NDP Leader Thomas Mulcair says he is convinced the Obama administration will reignite its push for a cap-and-trade system in the second term – a “polluter pays” plan he advocates.
“I think there is a lot of hope for the future now that (Obama) has a new term… He talked eloquently and passionately about coming to grips with the issue of climate change,” Mulcair told reporters on Wednesday while reacting to election results.
“Don’t be surprised if you see them coming forward with something they have talked about in the past … which is a cap-and-trade system.”
Mulcair said an American cap-and-trade system would be a “very good thing for the planet” and future generations would benefit from the emission-trading system.
In his first term, President Barack Obama put a cap-and-trade plan in his first budget. The legislation passed in the House of Representatives but the Senate did not make progress on the bill a year later. After Republicans won a majority and gained seats in the House, Obama publicly admitted the bill couldn’t pass.
Mulcair is hopeful, however, that a second term for Obama will also mean a “new era” for the policy.
Under a cap-and-trade system, government sets a cap on emissions and assigns companies carbon credits which can be auctioned or swapped among firms.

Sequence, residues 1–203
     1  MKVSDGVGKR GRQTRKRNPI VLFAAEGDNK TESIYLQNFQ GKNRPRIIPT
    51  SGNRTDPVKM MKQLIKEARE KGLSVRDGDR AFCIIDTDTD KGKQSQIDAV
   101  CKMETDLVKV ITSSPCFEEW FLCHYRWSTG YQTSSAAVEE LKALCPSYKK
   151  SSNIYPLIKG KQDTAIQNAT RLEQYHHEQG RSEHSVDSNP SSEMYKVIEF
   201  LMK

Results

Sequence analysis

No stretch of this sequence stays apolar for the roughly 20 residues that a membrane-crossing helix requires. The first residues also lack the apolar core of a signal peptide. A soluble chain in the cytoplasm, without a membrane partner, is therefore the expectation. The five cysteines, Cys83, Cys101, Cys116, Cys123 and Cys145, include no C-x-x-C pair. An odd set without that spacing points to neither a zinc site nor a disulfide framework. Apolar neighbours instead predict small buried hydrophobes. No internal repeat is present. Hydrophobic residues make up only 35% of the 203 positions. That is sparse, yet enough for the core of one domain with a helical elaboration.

The cost of credits is set at market value and companies exceeding caps would be forced to pay a penalty.
Conservatives have spent weeks hammering the NDP for its cap-and-trade plan, suggesting the system will mean a “tax on everything.”
The Conservatives had a cap-and-trade plan built into the 2008 election platform but the party has abandoned the proposal, citing it would drive up taxes and harm the Canadian economy.
Many environmental groups have called for a cap-and-trade system to combat climate change.
The NDP’s 2011 election platform centred around generating $3.6 billion in cap-and trade-revenue, but former leader Jack Layton wouldn’t specify at the time how his platform would be affected if the money was not there.